The world's first wiki where authorship really matters (Nature Genetics, 2008). Due credit and reputation for authors. Imagine a global collaborative knowledge base for original thoughts. Search thousands of articles and collaborate with scientists around the globe.

wikigene or wiki gene protein drug chemical gene disease author authorship tracking collaborative publishing evolutionary knowledge reputation system wiki2.0 global collaboration genes proteins drugs chemicals diseases compound
Hoffmann, R. A wiki for the life sciences where authorship matters. Nature Genetics (2008)

Na+:HCO3- cotransporters (NBC): expression and regulation in the kidney.

Recent molecular cloning experiments have identified the existence of four NBC isoforms (NBC1, 2, 3 and 4) and two NBC-related proteins AE4 and NCBE (Anion Exchanger 4 and Sodium-dependent Chloride-Bicarbonate Exchanger). Except for AE4 which does not transport Na, all are presumed to mediate the cotransport of Na+ and HCO3-. NBC1 is expressed on the basolateral membrane of proximal tubule, is electrogenic and plays an important role in bicarbonate reabsorption in kidney proximal tubule. NBC1 is directly stimulated by carbonic anhydrase (CA) II, indicating that its inhibition by CA inhibitor acetazolamide is, in part, direct and due to the inhibition of CAII which in turn binds to the carboxy terminal tail of NBC1. NBC2 has two variants, NBCn1 and mNBC3, which are expressed in the kidney. NBCn1 is located on the basolateral membrane of the thick ascending limb of Henle whereas mNBC3 is expressed on the apical membrane of alpha intercalated cells. Both transporters are electroneutral. NBC3 or kNBC3 (also referred to as NDCBE), NBC4, AE4 and NCBE are all expressed in the kidney but their characterization is in early stages. The purpose of this article is to summarize recent functional and molecular advances on NBC isoforms and related proteins, examine the interaction of NBC1 and carbonic anhydrases, and discuss the role and regulation of NBC isoforms in renal bicarbonate transport in health and disease states.[1]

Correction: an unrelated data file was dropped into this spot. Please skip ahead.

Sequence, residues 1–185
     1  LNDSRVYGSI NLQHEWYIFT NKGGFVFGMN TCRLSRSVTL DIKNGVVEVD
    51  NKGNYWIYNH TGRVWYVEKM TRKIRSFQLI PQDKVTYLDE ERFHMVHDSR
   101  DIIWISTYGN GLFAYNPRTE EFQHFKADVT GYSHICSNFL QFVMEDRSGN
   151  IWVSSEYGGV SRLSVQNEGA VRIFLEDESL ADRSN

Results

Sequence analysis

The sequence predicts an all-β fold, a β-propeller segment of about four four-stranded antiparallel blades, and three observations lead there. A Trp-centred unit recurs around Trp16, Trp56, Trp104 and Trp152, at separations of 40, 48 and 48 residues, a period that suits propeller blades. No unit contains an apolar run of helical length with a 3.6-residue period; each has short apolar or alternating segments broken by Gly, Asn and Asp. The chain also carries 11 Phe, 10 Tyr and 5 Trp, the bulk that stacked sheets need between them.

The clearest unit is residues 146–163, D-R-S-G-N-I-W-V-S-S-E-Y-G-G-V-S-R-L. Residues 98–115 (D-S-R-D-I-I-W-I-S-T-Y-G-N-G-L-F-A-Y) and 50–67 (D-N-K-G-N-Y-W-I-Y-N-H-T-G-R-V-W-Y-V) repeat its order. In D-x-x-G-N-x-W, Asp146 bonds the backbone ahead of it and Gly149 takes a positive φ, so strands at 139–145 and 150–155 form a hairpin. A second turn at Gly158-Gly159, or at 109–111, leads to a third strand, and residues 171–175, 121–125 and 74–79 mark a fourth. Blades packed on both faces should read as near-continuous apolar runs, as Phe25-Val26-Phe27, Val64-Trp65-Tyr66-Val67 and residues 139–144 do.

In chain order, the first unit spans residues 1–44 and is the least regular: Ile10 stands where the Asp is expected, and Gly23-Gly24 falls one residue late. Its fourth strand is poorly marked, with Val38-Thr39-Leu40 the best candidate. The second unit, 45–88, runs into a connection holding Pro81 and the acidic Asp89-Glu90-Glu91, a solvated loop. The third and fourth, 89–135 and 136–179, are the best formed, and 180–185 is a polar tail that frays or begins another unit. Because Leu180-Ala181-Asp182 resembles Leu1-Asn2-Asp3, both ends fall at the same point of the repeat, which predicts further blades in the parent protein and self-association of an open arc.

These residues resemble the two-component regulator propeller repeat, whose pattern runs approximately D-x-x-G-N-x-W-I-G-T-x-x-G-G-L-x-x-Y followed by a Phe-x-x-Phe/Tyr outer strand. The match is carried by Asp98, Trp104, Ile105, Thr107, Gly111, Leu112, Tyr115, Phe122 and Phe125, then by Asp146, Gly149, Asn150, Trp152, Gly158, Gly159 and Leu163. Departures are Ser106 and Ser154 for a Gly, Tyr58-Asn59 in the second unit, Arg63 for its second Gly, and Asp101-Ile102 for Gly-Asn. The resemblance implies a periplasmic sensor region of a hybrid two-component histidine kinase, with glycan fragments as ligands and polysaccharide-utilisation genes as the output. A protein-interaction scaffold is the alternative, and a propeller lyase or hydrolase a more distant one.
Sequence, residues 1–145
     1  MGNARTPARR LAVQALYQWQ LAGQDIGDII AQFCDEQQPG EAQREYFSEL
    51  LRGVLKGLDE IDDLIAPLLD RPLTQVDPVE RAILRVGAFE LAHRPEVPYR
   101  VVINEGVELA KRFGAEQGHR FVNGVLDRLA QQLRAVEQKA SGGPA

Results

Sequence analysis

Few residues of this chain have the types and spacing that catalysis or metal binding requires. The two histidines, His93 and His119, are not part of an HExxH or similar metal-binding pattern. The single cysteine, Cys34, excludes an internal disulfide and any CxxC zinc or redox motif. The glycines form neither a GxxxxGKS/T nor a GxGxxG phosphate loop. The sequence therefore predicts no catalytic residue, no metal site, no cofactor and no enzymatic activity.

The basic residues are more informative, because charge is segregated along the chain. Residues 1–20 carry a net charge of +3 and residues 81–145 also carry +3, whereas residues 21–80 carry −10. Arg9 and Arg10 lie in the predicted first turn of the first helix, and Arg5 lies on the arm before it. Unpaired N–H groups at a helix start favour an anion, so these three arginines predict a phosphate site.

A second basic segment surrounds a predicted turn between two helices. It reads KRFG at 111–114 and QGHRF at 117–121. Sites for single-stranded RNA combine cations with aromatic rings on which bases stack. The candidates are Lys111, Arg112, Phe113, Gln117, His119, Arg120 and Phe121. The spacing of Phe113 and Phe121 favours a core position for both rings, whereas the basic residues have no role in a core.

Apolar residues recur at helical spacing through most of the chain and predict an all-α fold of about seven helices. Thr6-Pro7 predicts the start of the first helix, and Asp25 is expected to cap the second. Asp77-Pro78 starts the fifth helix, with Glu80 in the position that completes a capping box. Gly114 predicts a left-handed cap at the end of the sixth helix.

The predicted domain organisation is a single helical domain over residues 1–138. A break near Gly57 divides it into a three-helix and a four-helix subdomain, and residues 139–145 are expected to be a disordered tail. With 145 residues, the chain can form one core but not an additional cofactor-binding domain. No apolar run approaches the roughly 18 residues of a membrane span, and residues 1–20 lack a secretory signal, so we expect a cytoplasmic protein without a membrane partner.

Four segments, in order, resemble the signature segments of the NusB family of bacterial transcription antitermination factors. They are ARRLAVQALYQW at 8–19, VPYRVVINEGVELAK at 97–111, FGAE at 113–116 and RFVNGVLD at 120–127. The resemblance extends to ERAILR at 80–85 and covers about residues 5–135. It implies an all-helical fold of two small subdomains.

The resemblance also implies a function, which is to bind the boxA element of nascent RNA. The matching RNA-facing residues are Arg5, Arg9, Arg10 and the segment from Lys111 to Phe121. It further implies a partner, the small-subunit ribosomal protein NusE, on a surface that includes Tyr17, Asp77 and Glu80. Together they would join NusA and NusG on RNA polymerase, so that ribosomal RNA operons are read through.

WikiGenes - Universities